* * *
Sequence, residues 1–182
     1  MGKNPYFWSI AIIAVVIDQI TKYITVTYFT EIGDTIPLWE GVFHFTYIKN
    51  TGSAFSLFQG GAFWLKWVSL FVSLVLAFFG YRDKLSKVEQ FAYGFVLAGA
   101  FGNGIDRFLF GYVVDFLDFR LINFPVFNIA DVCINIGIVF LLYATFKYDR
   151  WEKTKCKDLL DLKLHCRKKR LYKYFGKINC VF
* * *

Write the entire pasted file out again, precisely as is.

Sequence, residues 1–182
     1  MGKNPYFWSI AIIAVVIDQI TKYITVTYFT EIGDTIPLWE GVFHFTYIKN
    51  TGSAFSLFQG GAFWLKWVSL FVSLVLAFFG YRDKLSKVEQ FAYGFVLAGA
   101  FGNGIDRFLF GYVVDFLDFR LINFPVFNIA DVCINIGIVF LLYATFKYDR
   151  WEKTKCKDLL DLKLHCRKKR LYKYFGKINC VF